South India

South India

The Western Ghats in Southern India is home to most of India’s endemic species. A treasure trove of amphibians, reptiles, birds and butterflies. The region is ideal for herpetology tours and entomology expeditions and is a birders paradise. The Western Ghats are a UNESCO World Heritage Site.

Key species to look out for are:

Reptiles: King Cobra, Malabar Pit Viper, Hump-nosed Pit Viper and Bamboo Pit Viper
Amphibians: Purple Frog, Blue-eyed Bush Frog, Dancing Frogs and Malabar Gliding Frog
Endemic Species: Lion-tailed macaque, Nilgiri Langur, Nilgiri Marten, Brown Palm Civet and the Malabar Grey Hornbill.

Kerala is in the south-west of the country. An unhurried way of life blends well with inland waterways, sunny beaches, spice plantations and forested hills. Coconuts, seafood and spices usually inspire delicious meals.

Cochin is a port city and a good entry point. Spice dealers from across the world have lived and worked here, leaving their influence in the styles of architecture.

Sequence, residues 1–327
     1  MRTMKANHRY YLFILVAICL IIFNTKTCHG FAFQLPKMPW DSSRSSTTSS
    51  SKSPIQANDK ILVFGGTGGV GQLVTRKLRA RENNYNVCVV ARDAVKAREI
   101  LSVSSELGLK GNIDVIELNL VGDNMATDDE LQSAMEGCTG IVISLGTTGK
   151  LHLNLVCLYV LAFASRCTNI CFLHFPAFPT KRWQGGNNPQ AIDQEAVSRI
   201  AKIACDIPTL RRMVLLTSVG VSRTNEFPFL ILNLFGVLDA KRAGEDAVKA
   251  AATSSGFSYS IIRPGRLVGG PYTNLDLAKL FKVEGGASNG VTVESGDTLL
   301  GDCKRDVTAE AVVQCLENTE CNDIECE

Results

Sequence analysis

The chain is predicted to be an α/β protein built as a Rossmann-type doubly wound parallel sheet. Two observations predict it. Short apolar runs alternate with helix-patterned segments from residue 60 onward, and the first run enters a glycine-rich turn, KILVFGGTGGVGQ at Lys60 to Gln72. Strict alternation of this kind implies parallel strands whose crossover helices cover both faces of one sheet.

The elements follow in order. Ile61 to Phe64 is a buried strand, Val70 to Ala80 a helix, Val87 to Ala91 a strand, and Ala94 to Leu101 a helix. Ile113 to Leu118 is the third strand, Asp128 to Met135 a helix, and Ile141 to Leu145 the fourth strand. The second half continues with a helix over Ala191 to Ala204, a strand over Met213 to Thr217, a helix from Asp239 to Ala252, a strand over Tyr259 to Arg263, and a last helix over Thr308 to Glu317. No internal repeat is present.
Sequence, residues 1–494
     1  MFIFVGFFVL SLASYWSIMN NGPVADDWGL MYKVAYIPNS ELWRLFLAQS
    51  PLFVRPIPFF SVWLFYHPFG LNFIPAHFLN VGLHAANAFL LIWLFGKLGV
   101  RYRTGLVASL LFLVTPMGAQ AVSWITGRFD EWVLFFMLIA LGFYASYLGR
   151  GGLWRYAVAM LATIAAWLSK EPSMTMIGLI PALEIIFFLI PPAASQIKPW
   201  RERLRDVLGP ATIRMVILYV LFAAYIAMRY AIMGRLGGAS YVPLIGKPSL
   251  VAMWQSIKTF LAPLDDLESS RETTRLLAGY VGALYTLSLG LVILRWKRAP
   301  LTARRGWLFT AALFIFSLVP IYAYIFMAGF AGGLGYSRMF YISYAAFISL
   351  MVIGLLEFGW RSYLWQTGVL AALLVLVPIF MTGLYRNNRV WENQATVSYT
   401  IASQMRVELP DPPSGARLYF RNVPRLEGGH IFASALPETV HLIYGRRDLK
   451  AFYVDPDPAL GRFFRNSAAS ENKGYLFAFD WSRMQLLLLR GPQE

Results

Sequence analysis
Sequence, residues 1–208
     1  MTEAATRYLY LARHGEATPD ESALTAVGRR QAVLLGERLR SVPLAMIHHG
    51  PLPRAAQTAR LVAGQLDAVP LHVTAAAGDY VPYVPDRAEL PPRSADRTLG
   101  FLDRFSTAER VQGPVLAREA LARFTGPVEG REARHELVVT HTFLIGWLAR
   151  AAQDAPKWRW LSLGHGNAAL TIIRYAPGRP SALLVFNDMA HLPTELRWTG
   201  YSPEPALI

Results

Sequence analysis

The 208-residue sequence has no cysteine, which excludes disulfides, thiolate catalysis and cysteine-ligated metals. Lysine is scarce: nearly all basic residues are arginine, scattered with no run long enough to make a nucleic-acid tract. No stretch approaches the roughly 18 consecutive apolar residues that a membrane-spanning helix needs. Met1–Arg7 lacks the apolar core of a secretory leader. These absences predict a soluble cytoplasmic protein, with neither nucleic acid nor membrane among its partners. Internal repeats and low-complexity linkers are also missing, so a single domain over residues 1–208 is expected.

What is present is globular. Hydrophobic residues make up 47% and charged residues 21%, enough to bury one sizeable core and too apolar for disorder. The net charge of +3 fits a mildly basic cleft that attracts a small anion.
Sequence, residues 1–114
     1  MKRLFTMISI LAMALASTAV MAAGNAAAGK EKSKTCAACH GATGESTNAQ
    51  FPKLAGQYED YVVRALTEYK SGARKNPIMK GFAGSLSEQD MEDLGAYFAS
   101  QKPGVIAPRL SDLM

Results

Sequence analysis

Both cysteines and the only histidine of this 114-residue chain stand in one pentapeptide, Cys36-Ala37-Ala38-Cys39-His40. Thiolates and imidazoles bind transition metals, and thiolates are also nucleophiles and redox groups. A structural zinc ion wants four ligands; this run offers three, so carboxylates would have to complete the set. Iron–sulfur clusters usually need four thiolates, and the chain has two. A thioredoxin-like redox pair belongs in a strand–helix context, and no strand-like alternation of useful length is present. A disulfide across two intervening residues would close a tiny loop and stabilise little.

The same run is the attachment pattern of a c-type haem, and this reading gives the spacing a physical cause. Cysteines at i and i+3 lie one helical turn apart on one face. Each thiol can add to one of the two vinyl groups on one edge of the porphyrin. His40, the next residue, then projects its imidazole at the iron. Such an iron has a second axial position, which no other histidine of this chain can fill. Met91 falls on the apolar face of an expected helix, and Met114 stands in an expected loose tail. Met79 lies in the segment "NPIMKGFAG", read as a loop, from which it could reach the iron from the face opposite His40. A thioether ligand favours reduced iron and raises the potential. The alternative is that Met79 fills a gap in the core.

From Cochin, an excellent spot to aim for is Munnar. It is centred in verdant green tea estates, and on the edge of the Western Ghats. The temperature is more refreshing than in Cochin. Hiking up to the higher peaks of the surroundings brings the reward of pretty forests and beautiful views.

Converted wooden rice boats are famous for exploring the backwaters of Kerala. Spotting aquatic life from the ‘houseboats’ along 1500kms of rivers and channels is a favourite. The beaches are perhaps less attractive with choppy seas and dangerous swimming. Kerala would combine well with the Maldives or Goa.

Monsoon season hits the area in June, but the heat starts to build from April onwards. January to March and October to December are better months to visit this area.

Back